With tension in Ukraine and disappointing numbers coming out of China, some investors are starting to wonder if the reigning bullish sentiment could be set back by world events. While he doesn’t try to predict what will happen in the next year, Berkshire Hathaway Inc. (NYSE:BRK.A) (NYSE:BRK.B) CEO Warren Buffett doesn’t think we have to worry about another crash at least in the next few years.

warren buffett Berkshire

Another crisis will happen in the next fifty years, but not yet: Buffett

“It’ll happen again someday, but we’re not remotely close to it happening now. But it will happen again,” said Buffett during an interview on CNBC’s Squawk Box. “Humans will behave in the crazy ways both on the upside and the downside in the next fifty years. It’s very unlikely they do it in the next few years because after something like 2008 because once they get out of the emergency room they’re a little more careful.”

Even in the short-term, Buffett seemed to think that the economy is recovering at a reasonable pace, saying that the disappointment surrounding the recovery isn’t because of the current rate of GDP growth, which is fine, but because the country fell so far so quickly that many had hoped to see a commensurate rebound.

Buffett recommends Geithner’s account of 2008 crisis

Buffett also mentioned that he has been reading the galleys for former Treasury Secretary Tim Geithner’s upcoming book Stress Test, and he calls it the best account of the financial crisis that he has read. After learning about some of the behind the scenes action, Buffett said that his early assessment that the financial crisis was the equivalent of a financial Pearl Harbor actually didn’t go far enough in expressing the danger that the country had faced.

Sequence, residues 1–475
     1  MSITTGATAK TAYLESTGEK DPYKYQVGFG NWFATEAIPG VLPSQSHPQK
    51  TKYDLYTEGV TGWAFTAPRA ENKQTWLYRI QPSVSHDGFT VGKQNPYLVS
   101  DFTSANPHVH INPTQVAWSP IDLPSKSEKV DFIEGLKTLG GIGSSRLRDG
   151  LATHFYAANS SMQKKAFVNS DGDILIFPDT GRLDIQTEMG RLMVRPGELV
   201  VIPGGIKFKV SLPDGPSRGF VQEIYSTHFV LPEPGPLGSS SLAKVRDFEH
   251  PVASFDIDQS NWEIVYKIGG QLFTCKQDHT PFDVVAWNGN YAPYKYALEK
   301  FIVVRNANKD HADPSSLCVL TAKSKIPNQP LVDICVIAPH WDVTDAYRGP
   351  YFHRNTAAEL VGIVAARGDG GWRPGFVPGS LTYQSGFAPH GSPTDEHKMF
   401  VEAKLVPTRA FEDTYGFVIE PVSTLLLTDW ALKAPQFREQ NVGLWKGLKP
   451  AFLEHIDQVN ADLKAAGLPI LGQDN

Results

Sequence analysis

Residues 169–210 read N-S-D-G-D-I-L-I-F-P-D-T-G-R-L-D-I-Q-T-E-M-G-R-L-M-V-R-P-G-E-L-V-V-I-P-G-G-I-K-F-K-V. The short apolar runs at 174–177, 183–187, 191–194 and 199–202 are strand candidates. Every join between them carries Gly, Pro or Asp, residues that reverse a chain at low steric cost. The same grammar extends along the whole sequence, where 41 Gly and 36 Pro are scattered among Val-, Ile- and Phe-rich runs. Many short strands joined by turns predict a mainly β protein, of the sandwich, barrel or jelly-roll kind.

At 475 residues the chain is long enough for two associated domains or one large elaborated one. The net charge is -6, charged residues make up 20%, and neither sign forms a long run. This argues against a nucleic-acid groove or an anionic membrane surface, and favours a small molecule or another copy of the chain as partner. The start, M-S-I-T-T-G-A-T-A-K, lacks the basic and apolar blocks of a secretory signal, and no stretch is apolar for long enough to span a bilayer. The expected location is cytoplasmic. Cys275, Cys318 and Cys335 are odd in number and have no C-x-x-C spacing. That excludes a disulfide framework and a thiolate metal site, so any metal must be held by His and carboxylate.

“If they hadn’t guaranteed money market funds like that,” said Buffett, snapping his fingers. “It would have been all over… the economy would have stopped until the Fed and everybody woke up and started realizing there was only one party in the world that could handle the deleveraging that was going on and the flight from everything.”

Buffett has been steadfastly bullish on the US economy in the long-term, buying into the stock market in the midst of the financial crisis, and even though he is glad the Fed acted as quickly as it did, he doesn’t think a misstep in 2008 would have permanently wrecked the US economy.

He points out that even when there are financial problems, or even in the case of a major attack, US farmland, manufacturing capacity, and human capital doesn’t just go away. Even after a black swan event like 2008, he doesn’t have any doubt that the US will ultimately rebound.